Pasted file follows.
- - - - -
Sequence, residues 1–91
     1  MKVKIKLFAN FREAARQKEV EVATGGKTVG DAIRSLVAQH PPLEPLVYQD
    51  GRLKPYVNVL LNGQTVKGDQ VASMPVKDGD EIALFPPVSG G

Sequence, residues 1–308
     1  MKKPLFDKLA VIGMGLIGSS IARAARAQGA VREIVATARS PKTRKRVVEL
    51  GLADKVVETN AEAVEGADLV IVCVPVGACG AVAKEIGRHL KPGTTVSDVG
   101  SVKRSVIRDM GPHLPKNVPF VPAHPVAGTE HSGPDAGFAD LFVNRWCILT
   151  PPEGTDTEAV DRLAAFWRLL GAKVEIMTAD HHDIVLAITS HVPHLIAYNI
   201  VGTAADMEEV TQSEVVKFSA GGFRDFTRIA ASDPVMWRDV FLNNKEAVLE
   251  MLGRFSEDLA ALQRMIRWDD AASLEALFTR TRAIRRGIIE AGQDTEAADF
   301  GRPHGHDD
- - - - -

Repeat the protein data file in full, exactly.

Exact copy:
Sequence, residues 1–91
     1  MKVKIKLFAN FREAARQKEV EVATGGKTVG DAIRSLVAQH PPLEPLVYQD
    51  GRLKPYVNVL LNGQTVKGDQ VASMPVKDGD EIALFPPVSG G

Sequence, residues 1–308
     1  MKKPLFDKLA VIGMGLIGSS IARAARAQGA VREIVATARS PKTRKRVVEL
    51  GLADKVVETN AEAVEGADLV IVCVPVGACG AVAKEIGRHL KPGTTVSDVG
   101  SVKRSVIRDM GPHLPKNVPF VPAHPVAGTE HSGPDAGFAD LFVNRWCILT
   151  PPEGTDTEAV DRLAAFWRLL GAKVEIMTAD HHDIVLAITS HVPHLIAYNI
   201  VGTAADMEEV TQSEVVKFSA GGFRDFTRIA ASDPVMWRDV FLNNKEAVLE
   251  MLGRFSEDLA ALQRMIRWDD AASLEALFTR TRAIRRGIIE AGQDTEAADF
   301  GRPHGHDD